Agronomy Handbook Virginia Cooperative Extension

Crop Descriptions 17

Peanuts – Annual – (Archis hypogeae) (cont.)

Weed control: Herbicides and cultivation may be used. Cultivation should be shallow and often enough
to control weeds until pegs enter the ground. Do not cover any portion of the vine with
Harvesting: soil. Rotary hoeing when crust forms can be beneficial.
Dig when about 70% of the shells turn brown on the inside, usually 130-170 days after
Approximate planting.
harvest date:
Approximate yield: September 15-November 1
Storage: 2,500-5,000 lbs/A
Contain about 50% moisture when dug; must be dried to 10% moisture for storage.

Rape – Annual – (Brassica napus)

Description: Cool-season plant in the mustard family. Closely resembles kale with large, dark green

Uses: leaves. At maturity it reaches a height of 3-6’ with brilliant yellow flowers and pods that

Weight per bushel: produce 15-40 small black seeds. Winter and spring varieties are available
Seeds per lb:
Germinating time: Pasture and as oil crop. Usually ready for grazing about 8 weeks after seeding. Some-
pH Range: times causes bloating in sheep.
Soil adaptation:
Planting: 50 lbs


7 days

60-80 lbs N, 30-50 lbs P O and 30-50 lbs K O at medium soil test levels.
25 2


Well drained and moderately well drained loams and silt loam soils.

February and March, or August and September at 2-3 lbs in rows; 6-9 lbs broadcast ; 4-6

lbs when seeded with oats.

Red Clover – Perennial – (Trifolium pratense)

Description: Numerous leafy stems arising from a crown growing to a height of about 2’ ; stems and
leaves are hairy; flowers reddish purple on heads at tips of branches; branched taproot.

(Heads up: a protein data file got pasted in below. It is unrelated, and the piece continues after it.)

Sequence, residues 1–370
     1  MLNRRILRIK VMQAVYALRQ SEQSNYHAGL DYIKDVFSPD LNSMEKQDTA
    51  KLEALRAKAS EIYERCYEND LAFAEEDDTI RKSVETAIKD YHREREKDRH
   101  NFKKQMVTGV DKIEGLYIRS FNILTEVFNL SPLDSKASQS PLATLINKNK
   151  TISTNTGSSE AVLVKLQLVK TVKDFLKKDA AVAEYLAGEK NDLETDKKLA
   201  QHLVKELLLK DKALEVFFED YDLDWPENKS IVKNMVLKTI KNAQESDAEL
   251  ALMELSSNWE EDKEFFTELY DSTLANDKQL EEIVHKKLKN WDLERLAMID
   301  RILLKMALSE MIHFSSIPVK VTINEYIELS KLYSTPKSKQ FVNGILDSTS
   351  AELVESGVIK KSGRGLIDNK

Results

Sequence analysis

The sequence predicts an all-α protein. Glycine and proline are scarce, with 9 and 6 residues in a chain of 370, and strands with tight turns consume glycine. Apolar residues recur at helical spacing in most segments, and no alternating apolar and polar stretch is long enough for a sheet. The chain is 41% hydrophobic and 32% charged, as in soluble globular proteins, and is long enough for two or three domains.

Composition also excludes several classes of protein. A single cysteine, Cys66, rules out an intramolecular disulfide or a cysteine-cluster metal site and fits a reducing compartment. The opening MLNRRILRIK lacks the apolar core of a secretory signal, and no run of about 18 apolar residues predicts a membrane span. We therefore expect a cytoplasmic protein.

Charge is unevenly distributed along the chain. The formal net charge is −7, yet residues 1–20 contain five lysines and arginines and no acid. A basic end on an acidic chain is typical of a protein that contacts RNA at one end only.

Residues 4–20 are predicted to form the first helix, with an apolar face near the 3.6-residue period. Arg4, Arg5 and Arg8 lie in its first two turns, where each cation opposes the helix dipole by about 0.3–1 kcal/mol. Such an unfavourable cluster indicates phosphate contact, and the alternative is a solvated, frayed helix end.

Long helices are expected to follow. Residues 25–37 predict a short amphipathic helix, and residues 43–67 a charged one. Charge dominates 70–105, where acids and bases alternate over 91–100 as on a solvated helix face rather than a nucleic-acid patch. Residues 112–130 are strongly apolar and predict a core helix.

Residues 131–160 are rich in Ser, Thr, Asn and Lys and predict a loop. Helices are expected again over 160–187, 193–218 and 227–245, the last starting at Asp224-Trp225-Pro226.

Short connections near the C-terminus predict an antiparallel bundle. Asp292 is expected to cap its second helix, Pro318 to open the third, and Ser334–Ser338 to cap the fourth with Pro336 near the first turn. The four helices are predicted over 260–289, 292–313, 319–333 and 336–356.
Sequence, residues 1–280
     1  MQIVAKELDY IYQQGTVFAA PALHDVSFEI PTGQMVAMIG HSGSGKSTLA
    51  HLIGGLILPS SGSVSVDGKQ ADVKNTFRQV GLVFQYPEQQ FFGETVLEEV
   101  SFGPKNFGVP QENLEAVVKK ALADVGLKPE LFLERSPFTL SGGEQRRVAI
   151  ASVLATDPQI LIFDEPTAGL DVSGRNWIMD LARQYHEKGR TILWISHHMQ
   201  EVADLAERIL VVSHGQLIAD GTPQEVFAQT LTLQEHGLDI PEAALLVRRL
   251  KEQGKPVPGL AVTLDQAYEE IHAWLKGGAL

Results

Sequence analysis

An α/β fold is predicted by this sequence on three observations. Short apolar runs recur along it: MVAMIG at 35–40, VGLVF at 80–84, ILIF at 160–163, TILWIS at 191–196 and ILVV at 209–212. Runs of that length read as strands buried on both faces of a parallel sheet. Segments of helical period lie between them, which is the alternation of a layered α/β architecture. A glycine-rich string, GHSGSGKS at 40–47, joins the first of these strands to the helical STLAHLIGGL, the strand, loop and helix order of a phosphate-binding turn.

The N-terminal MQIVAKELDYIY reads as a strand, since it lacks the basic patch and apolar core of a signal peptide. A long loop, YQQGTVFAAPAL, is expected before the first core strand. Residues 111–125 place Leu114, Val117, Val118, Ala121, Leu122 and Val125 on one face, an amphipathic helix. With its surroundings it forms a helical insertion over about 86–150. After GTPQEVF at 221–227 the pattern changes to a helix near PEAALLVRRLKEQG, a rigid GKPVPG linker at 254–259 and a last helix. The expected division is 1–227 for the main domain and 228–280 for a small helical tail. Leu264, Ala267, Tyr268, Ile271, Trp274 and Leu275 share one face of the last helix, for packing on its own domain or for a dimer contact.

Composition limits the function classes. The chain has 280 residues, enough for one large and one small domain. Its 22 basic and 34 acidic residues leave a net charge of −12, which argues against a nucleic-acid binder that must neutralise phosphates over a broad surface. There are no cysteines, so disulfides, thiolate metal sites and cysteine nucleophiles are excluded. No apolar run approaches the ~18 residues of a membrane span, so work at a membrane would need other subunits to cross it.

Varieties: Short-lived perennial that often behaves as biennial.
Uses: New varieties are more persistent.
Weight per bushel: Hay, pasture, silage, and commercial seed production
Seeds per lb: 60 lbs
Germinating time: 260,000
Fertilizer: 7 days
At seeding, 120-140 lbs P2O5 and 120-140 lbs K2O; for topdressing, 40-90 lbs P2O5 and
pH Range: 85-185 lbs K O at medium soil test levels. Lower amounts needed when used as pasture.
Soil adaptation:
Planting: 5.8-6.5
Well drained to moderately well drained loams and silt loam soils properly limed and
Harvesting (hay): fertilized.
Important. Cross-inoculates with alsike, crimson, ladino, and white clovers.
45 days before last killing frost in spring, or 30 days before first killing frost in fall. Plant
at 8-10 lbs alone; 2-6 lbs in mixtures. Plant in 6-8” rows or solid seeded usually with a
grass. Broadcast or drill on small grain or closely grazed grass pasture in later winter or
early spring.
1/4-1/3-bloom stage. Early harvesting for hay favors good seed yield by second crop.
Second cutting of hay may cause slobbering in livestock.

Virginia Cooperative Extension Agronomy Handbook

18 Crop Descriptions

Red Clover – Perennial – (Trifolium pratense) (cont.)

Harvesting (seed): Cut with combine when heads have turned brown, flowers and stalks are deep yellow,
and seeds have begun to show a distinct violet color. Will shatter badly if cut later. May
Approximate first use a dessicant to aid in drying plant.
harvest dates:
Approximate yield: Hay, June 1 – June 20. Seed, August 15-September 1.
Hay 2-4 tons over season. Seed, 120-240 lbs/A

Redtop (Herdsgrass) – Perennial – (Agrostis alba)

Description: Produces numerous stems from a well-developed base; spreads by rhizomes but does not

Uses: produce a strong sod; flat, light green, sharp-pointed leaves; lacks leafiness under close
Seeds per lb:
Weight per bushel: grazing; long prominent ligule.
Germinating time:
Fertilizer: Primarily for erosion control and soil stabilization.

pH Range: 5,100,000
Soil adaptation:
14 lbs
10 days
Harvesting (hay):
40-60 lbs N, 60-100 lbs P O and 60-100 lbs K O. The N is for annual applications, the
25 2

P2O5 and K2O are rates for 3-4 years


Well drained and moderately well drained loams and silt loams. Tolerant to wet condi-


August and September. May be seeded in spring. Plant at 3-5 lbs alone; 3 lbs in mix-

tures. Plant in 6-8” rows or solid seeded.

Shortly before full bloom.

Reed Canarygrass – Perennial – (Phalaris arundinacea)

Description: Tall, coarse, sod-forming cool-season grass; grows 2’-5’ tall; spreads underground by
short, scaly rhizomes; semi-dense, spike-like panicle.
Uses: Hay, pasture, and silage. Conservation cover in wet areas and areas irrigated for disposal
of liquid wastes.
Weight per bushel: 45 lbs